Looking closer to the actual recipe!

I was much more careful with the egg whites this time, and I used real eggs.  I also bulked up the proportions to compensate for the missing coconut.

Unfortunately this time, I over-baked them by quite a bit.  They lost their chewy stretch.  Instead they felt more like candied nuts, or coated granola.  I still sent them with BP to work, and they were well received, though the general consensus was that the first batch was still king.

So I went BACK to the drawing board for one last batch.  And yes, at this point, even with bulk-bin discounts, the costs were starting to add up.  I really do encourage you to wait until you’ve got a bunch of odds-and-ends style nuts in your pantry and use them up in this recipe.


I knew this last batch was going to be amazing.  I was still going to use real eggs for the egg whites, and I was still going to be mindful and diligent in my meringue construction.  I would add walnuts to the mix this time to beef up the proportions to compensate the for the missing coconut.  THIS WAS GOING TO BE THE BEST BATCH EVER!  I had all of my notes on hand for consulting.  Nothing could go wrong.

They’re almost perfect!  Right?  Right…?  Hello? Is this thing on?

They look great.  Almost exactly like the picture from the recipe.  They have good chewy stretch but still hold together really well.  I was pleased as punch!  I waited for them to cool and packed up some for BP and his coworkers, as well as a small container for the homestead.

It wasn’t until BP had arrived home later that evening that I even gave the clusters any more thought and brought some back out for us to try.  I took a bite, instantly puzzled.  There was an off flavor.  What was it?  I took another bite, and that’s when it hit me.  On the very finish, ever so faintly, was the taste of celery salt.  Almost like Old Bay.  OLD BAY?!  How could this happen?!  I wracked my brain, trying to figure out where things had gone awry.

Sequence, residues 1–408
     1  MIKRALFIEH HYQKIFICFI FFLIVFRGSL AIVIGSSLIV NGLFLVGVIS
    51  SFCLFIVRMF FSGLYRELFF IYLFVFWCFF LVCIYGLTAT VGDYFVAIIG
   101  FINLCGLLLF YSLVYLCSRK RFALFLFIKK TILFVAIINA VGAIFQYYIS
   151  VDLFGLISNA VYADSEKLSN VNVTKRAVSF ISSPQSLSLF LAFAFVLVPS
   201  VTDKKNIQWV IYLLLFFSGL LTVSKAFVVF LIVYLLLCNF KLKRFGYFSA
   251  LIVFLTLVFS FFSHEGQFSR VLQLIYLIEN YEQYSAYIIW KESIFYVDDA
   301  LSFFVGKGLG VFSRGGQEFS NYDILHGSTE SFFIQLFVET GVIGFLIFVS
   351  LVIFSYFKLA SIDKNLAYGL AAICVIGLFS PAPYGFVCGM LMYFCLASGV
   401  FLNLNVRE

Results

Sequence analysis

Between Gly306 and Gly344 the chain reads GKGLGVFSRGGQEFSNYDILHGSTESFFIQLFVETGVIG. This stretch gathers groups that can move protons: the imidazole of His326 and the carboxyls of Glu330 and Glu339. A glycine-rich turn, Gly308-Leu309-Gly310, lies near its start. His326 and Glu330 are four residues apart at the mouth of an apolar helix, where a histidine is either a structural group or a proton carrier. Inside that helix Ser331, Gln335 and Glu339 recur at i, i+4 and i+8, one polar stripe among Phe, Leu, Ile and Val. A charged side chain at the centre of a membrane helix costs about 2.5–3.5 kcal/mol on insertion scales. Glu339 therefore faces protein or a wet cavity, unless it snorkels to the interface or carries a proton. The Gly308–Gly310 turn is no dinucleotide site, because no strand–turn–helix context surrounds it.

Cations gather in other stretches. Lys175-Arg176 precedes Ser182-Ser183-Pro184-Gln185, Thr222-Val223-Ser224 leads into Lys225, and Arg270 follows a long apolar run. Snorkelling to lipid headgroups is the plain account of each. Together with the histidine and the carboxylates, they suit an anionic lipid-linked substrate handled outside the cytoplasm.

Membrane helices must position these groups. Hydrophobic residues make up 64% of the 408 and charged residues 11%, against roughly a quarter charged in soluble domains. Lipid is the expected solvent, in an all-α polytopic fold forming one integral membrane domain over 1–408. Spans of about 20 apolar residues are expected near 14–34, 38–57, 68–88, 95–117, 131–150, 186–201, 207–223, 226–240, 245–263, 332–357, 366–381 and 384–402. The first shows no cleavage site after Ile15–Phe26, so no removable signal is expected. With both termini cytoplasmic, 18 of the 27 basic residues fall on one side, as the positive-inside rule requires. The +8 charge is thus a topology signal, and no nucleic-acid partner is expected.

I think what happened was this:  In an effort to skip the grocery store, I grabbed the last few odds-and-ends type of baggies of nuts from recipes long since past.  One of those baggies must have been seasoned with some type of seasoning salt.  I didn’t think to check for that, and so into the mix they went, polluting the entire batch.

Sadly, this last batch had to be composted.  The celery salt flavor was too pronounced for me to look past it, and I certainly didn’t want to pawn them off on BP’s coworkers.  And because of the price of nuts, I’m retiring this recipe test for a little while.  I’ll definitely come back to it in the fall, when it’s time to start working on holiday recipes.  There are plenty of summer-seasonal recipes to test in the meantime!

I was definitely bummed that the last batch didn’t work out, but I didn’t let it get me down.  The whole thing was sort of funny, especially looking back on it now.  Don’t be afraid or intimidated by recipes.  Everyone makes mistakes in the kitchen!  But you have to try!  It also really helps to write your recipe tests down, even if it’s just little notes in the margins or a separate word document.  That way, you can keep better track of what works and what doesn’t, what changes you’d like to try next time, etc.

Tell me some of your epic baking disasters in the comments below!


Sometimes you feel like a nut.  Sometimes you want to Buy Us A Coffee!